Mia Farrow Sets 21-day Limit On Darfur Hunger Protest

Mia Farrow talks about the issues in Darfur while in Bosnia Mia Farrow talks about the issues in Darfur while in Bosnia

Mia Farrow is so determined to embark on a potentially dangerous hunger strike, not even her doctor can talk her out of it.

The 64-year-old actress and humanitarian plans to begin fasting on Monday, and she has set a limit of 21 days — or until her health worsens. Farrow, who will drink water only, says she approached her doctor for advice, asserting, “Please don’t even try to talk me out of this.”

Farrow’s hunger strike is a show of solidarity with the people of Darfur. She was inspired to do it after the Sudanese government expelled international aid agencies from the country last month.

Farrow says her doctor will be on call. In preparation, she’s taking vitamins and eating fruits and vegetables, and she’s gained 9 pounds.

“I’m just an actress,” Farrow said Wednesday by phone from herhome in rural Connecticut. “I’m not presuming anybody will care whether I starve to death or whether I go on a long hunger strike or what. But it’s a personal matter. I can’t be among those that watch — and I honestly couldn’t think of anything else to do.”

Farrow said her doctor wants to conduct a blood test two weeks after she begins the protest.

“I don’t know what will happen — I have no idea,” she said. “I looked it up online just to see kind of what to expect, and the reason I’m gonna try to go for three weeks is because you do permanent, irreversible damage, possibly to your organs. … But it is a punishment to the body for sure.”

Farrow is willing to take the risk. She’s been to the Darfur region 11 times and feels compelled to return repeatedly on the peoples’ behalf to “try to tell a world that seems not to care at all what’s happening to them.”

Last year, Farrow became a vocal opponent of the Beijing Olympics, calling on China to use its close ties to the Sudanese Arab-dominated government to end the conflict in Darfur. As an alternative to the Olympics, Farrow aired a series of webcasts showing the poor living conditions of ethnic African refugees displaced by the fighting.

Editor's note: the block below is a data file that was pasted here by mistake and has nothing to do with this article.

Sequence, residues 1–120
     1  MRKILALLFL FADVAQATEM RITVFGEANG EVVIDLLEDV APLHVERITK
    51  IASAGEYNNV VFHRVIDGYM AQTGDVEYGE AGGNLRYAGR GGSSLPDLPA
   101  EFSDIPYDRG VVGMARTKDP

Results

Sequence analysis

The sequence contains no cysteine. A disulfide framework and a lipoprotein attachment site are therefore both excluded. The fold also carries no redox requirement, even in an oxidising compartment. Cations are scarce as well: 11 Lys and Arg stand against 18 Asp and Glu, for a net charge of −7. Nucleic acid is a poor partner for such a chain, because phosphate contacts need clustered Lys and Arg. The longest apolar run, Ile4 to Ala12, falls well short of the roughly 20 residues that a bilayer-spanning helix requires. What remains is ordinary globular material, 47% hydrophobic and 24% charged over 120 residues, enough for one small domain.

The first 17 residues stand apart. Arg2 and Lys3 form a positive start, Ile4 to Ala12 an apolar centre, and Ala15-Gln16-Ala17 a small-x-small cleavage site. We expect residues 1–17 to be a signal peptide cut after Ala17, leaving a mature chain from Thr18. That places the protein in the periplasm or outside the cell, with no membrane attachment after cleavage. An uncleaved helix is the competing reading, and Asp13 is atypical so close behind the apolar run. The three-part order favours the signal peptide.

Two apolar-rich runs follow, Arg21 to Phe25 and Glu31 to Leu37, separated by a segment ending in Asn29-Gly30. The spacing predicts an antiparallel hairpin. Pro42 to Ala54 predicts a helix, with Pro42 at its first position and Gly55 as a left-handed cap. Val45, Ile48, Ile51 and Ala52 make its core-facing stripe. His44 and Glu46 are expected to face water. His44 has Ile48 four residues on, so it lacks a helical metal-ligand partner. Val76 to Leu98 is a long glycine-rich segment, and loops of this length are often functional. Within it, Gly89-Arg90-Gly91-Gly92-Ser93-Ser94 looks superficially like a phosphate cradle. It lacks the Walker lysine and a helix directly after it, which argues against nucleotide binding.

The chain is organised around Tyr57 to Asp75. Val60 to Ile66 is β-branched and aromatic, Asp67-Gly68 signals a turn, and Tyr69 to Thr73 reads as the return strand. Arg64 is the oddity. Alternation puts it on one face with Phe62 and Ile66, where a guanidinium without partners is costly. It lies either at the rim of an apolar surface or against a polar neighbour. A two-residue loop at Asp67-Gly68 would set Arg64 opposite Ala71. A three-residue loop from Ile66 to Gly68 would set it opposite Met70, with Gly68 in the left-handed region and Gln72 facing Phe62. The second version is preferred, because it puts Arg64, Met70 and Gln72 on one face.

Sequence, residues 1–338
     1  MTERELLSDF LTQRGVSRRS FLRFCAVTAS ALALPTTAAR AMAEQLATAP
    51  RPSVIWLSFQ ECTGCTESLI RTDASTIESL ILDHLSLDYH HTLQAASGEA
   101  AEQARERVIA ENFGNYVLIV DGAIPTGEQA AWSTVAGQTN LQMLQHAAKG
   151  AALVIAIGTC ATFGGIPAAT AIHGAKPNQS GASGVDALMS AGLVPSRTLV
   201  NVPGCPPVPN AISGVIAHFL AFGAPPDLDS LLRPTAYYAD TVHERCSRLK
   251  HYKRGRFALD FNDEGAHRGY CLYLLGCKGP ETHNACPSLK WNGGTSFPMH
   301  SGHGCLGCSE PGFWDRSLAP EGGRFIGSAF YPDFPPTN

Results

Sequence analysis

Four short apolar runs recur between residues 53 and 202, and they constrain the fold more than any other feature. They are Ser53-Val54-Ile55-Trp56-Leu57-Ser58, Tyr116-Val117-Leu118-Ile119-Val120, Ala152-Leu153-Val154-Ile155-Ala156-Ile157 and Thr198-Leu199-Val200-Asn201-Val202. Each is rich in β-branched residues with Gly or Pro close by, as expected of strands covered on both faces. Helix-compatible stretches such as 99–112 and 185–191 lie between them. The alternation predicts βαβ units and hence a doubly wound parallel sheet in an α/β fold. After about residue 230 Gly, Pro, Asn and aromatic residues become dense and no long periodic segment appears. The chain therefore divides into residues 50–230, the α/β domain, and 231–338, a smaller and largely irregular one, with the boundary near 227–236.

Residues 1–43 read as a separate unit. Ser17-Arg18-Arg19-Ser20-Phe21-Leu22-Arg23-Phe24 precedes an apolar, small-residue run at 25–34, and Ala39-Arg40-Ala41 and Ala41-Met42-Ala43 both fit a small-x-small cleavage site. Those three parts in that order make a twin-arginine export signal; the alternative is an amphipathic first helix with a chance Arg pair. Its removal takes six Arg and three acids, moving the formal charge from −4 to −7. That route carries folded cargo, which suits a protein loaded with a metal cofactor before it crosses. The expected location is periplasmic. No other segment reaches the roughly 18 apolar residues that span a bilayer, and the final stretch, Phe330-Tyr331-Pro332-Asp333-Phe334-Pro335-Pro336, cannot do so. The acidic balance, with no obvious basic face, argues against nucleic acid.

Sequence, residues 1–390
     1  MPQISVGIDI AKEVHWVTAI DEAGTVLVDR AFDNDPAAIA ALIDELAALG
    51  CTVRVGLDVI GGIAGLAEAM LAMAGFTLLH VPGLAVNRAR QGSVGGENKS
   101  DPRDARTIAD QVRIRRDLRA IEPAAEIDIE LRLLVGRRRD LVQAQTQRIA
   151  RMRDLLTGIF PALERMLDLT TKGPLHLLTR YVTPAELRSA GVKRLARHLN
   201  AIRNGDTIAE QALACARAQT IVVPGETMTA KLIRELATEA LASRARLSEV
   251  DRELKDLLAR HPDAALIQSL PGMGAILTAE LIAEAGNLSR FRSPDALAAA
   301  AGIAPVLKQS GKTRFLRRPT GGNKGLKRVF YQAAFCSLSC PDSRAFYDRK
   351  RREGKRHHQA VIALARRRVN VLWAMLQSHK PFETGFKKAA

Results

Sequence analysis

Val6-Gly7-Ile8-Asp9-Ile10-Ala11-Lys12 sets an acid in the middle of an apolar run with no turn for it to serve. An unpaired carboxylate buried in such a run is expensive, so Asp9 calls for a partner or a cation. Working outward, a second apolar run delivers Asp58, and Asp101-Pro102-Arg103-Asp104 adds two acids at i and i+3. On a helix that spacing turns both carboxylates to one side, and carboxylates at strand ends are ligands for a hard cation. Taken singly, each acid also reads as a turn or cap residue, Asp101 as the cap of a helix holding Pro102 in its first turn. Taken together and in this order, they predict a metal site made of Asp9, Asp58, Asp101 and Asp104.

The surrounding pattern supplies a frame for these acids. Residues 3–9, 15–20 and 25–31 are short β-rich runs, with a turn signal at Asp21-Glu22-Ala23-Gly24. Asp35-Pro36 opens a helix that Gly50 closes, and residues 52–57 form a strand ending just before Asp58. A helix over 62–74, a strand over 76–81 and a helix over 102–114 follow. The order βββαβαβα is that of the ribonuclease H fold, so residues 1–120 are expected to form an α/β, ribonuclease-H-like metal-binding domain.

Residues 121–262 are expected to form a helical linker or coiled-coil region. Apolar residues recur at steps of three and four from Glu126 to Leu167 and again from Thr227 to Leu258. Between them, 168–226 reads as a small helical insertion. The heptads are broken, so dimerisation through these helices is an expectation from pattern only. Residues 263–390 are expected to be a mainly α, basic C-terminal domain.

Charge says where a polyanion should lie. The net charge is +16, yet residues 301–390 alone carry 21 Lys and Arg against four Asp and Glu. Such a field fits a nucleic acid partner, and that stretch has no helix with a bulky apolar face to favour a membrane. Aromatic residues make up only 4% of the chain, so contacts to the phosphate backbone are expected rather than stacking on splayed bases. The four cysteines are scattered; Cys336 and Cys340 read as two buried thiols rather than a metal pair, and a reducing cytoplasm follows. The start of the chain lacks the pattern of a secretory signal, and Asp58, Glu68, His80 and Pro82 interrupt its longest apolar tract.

The war in Darfur began in early 2003 when rebel groups rose up against the government complaining of discrimination and neglect. U.N. officials say up to 300,000 people have died and 2.7 million have fled their homes.

“My goal is to one day build a museum for Darfur’s people — in Darfur,” Farrow said. “Where the young people who’ve grown up in the midst of violence and in deplorable conditions in camps will be able to go to that museum and reclaim what’s theirs.”

Farrow, who has collected 40 hours of video footage of traditional ceremonies and other rites that are rarely performed in dark times, expects to return to camps on the Sudan-Chad border sometime this year.

But first, she has to get through her fast.

“I’m going to spend time with each of my children between now and Monday and try to, you know, really alleviate whatever worries they might have or concerns. … I’m still a parent and I don’t want to die.”

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